Friday, June 22, 2012

Snickerdoodles and Irma S. Rombauer

In this era of glossy cookbooks full of mouth-watering images and detailed photographs of each recipe step, Joy of Cooking may seem a bit old fashioned and out of date. Between its covers are recipes. Just recipes. Well, and some cooking tips, too. No glossy images and only a few basic illustrations. However, I bet you have a copy in your kitchen cookbook collection. And so did your mother, grandmother, and great-grandmother.

This week, as I catch up with the Gourmet Live 50 Women Game-Changers, the focus is on number nine: Irma S. Rombauer. In the midst of the Great Depression, she self-published the first edition of Joy of Cooking as a guide for women who, because of hard times, had to start cooking for themselves. The instructions were basic and easy to follow, which is probably why it became THE wedding gift for almost every newlywed wife. (Image is from the website of current publisher Scribner/Simon & Schuster, Inc.)

A native of St. Louis, Rombauer financed that first 1931 edition with the insurance settlement she received after her husband committed suicide. (Talk about making lemonade out of lemons!) Publisher Bobbs-Merrill picked up the book in 1936 and it has been around ever since. Rombauer’s daughter, Marion Rombauer Becker, took over and did the revisions of each edition until 1975. Grandson Ethan Becker oversaw the publication of the current edition, which celebrated the book’s 75th anniversary in 2006.

I remember using my mother’s copy many times growing up. I also have memories of Mamaw using her copy from time to time. Mine is the latest edition, often my go-to book when I start to develop a new recipe.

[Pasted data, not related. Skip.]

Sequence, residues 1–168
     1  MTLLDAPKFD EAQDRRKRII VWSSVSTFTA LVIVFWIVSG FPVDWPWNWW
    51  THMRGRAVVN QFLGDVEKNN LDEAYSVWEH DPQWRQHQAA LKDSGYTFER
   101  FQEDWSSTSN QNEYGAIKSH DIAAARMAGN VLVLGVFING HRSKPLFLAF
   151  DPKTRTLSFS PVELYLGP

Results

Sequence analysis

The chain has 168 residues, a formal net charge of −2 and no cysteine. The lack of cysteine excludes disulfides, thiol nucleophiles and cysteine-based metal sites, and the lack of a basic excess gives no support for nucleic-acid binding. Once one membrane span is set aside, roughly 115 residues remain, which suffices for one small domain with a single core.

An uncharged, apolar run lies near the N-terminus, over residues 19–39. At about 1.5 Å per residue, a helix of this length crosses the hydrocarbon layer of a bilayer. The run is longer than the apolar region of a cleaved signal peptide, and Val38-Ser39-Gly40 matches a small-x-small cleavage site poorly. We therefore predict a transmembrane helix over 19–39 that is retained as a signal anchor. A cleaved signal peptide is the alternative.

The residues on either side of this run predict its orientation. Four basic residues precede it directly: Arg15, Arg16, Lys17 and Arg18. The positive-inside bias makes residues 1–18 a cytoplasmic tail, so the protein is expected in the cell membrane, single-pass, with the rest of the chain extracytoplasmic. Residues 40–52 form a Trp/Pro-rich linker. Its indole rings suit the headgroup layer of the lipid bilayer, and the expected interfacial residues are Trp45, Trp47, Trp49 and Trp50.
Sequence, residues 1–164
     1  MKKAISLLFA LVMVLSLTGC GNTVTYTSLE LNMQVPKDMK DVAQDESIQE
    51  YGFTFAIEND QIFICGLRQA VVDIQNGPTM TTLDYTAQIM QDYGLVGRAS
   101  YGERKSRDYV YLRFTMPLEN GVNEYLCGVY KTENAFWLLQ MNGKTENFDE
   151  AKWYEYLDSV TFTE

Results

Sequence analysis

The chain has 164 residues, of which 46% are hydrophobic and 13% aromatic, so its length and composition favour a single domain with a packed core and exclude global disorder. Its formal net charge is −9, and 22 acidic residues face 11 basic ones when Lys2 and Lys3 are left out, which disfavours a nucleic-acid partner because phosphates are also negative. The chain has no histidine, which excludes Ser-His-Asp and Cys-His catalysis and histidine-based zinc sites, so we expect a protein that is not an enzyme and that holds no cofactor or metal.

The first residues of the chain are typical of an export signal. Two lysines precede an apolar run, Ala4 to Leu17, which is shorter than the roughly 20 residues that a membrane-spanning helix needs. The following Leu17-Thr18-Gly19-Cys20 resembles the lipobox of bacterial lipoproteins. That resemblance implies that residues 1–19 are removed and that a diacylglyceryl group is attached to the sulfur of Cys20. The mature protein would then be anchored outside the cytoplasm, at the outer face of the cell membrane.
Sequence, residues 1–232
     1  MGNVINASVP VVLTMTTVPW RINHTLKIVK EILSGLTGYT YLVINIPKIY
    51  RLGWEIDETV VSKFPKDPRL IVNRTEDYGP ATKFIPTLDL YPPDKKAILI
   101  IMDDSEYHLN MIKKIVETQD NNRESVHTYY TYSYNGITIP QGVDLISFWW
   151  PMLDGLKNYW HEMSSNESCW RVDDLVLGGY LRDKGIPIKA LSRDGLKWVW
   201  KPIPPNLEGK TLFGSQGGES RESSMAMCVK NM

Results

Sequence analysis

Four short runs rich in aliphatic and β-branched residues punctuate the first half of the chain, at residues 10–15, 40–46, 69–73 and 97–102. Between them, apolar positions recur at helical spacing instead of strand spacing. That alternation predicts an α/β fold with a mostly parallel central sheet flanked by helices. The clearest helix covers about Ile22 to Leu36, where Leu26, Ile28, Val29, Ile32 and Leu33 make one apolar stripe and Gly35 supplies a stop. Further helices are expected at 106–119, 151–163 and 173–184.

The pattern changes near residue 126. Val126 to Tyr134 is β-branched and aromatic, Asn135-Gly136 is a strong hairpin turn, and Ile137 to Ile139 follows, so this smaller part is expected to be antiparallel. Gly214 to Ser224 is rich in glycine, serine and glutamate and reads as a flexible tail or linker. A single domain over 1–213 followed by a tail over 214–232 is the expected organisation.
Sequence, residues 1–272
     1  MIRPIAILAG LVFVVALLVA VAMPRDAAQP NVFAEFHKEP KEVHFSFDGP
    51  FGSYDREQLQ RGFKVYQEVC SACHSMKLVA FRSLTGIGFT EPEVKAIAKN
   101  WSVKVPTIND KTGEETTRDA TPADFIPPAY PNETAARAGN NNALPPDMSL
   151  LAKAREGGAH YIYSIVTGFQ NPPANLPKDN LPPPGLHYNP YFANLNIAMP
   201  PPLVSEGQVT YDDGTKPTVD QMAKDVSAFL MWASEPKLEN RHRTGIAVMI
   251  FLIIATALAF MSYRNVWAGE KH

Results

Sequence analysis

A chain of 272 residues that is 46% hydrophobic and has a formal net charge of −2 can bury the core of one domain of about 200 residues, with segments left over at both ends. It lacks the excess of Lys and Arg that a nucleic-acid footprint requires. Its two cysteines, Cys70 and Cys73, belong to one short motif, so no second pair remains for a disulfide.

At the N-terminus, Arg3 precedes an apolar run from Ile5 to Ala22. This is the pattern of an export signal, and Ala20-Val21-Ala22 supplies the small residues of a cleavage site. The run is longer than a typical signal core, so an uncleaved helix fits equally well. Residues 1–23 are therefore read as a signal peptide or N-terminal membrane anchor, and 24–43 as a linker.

If you are looking for a recipe, it is probably in Joy of Cooking.

This is my favorite.


Adapted from Joy of Cooking by Irma S. Rombauer, Marion Rombauer Becker, and Ethan Becker

2 cup all-purpose flour
2 teaspoons cream of tartar
1 teaspoon baking soda
1/4 teaspoon salt
1 cup (2 sticks) unsalted butter, softened
1 1/2 cups sugar
2 large eggs
For coating:
1/4 cup sugar
4 teaspoons cinnamon

Preheat oven to 350 degrees F. Line 2 cookie sheets with parchment paper or spay with non-stick cooking spray. Set aside.

In a medium bowl, sift together the flour, cream of tartar, baking soda and salt. Set aside.

In the bowl of a mixer, blend together the butter and sugar. Add the eggs and beat until combined. Add the flour mixture and mix until just combined.
Mix together the sugar and cinnamon for the coating. Shape spoonfuls of the dough into 1-inch balls and roll in the coating mixture. Place the balls on the baking sheet 2 3/4 inches apart. Bake one sheet at a time for 10 to 12 minutes, or until the edges are lightly browned. Place the cookies on a rack to cool.


  1. These look scrumptious and have caused me to have a snack attack :-).
    It's a great recipe to represent Irma's style of cooking. Have a wonderful weekend. Blessings...Mary

  2. You're so right...this IS in my kitchen and almost every kitchen I've seen. And I absolutely love of my faves!

  3. Hi Linda! I adore snickerdoodles! They are such a beautiful yet simple cookie ... a true classic!

  4. Hi. How is the recipe adapted? What did you change? Thanks

    1. The ingredients are the same and common to most recipes. I wrote the instructions myself according to how I made the cookies.